Billions of dollars in post-BP oil spill restoration money will soon be coming to Mississippi and the Gulf region. As MPB’s Evelina Burnett reports, an environmental group says restoration leaders should think big as they decide how to spend it.
The National Wildlife Federation’s Gulf Program Director David Muth says there could be more than $25 billion dollars coming to the gulf region in oil spill civil fines, criminal penalites and damage assessments. It’s all intended to help aid in the recovery of what Muth calls the “unfolding” effects of the spill.
"More than four years after the explosion, dolphins and sea turtles among many others are still dying in unusually high numbers," he says. "We've seen estimates that nearly a million birds died as a result of the spill."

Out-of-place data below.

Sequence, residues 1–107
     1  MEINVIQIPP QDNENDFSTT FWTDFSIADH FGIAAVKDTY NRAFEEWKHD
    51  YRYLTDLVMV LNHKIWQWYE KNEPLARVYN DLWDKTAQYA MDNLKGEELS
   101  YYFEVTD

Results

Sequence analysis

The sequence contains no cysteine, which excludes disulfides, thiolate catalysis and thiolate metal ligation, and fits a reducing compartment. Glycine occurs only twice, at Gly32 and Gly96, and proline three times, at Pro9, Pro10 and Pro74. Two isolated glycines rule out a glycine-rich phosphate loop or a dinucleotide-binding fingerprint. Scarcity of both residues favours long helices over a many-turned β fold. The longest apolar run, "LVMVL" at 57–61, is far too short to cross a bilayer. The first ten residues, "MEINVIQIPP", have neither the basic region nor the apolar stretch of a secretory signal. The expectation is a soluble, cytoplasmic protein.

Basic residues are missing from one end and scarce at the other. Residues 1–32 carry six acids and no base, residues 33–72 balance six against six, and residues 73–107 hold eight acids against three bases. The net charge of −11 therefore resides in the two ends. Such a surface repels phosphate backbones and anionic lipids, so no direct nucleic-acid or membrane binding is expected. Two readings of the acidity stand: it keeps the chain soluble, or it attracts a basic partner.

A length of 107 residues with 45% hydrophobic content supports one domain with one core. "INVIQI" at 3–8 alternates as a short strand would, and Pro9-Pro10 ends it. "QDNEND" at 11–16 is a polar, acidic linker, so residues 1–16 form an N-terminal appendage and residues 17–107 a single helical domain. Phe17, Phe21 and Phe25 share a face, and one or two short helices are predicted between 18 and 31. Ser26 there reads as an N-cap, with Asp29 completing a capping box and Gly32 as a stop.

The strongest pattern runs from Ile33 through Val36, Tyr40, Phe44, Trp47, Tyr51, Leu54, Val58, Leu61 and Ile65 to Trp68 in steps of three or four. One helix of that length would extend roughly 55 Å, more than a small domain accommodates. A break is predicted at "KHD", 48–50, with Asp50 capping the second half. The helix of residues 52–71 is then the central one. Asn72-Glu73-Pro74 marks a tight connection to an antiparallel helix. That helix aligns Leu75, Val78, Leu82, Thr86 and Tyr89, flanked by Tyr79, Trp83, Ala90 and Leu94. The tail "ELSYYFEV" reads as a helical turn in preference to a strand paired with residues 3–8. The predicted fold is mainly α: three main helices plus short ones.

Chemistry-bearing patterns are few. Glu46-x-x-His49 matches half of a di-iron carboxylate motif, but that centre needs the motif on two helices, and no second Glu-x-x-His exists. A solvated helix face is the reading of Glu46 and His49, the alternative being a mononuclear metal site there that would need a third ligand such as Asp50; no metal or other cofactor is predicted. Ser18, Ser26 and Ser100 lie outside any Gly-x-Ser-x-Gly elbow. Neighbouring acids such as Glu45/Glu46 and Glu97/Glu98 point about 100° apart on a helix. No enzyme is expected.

The wildlife federation's new report lists 47 restoration projects that it says can make a lasting impact on both the environment and economy of the coast.
Jill Mastrototero, the group’s Mississippi policy specialist, says the recommended projects here include, among others, restoration of marsh land and oyster reefs.
"Bay St. Louis and Biloxi bays are historically places where oysters have thrived, and there's great opportunity to do some oyster reef restoration that would help the oyster industry, but also support the productivity and biodiversity of our coast," she says.
The report also includes recommendations for Texas, Alabama, Florida and Louisiana.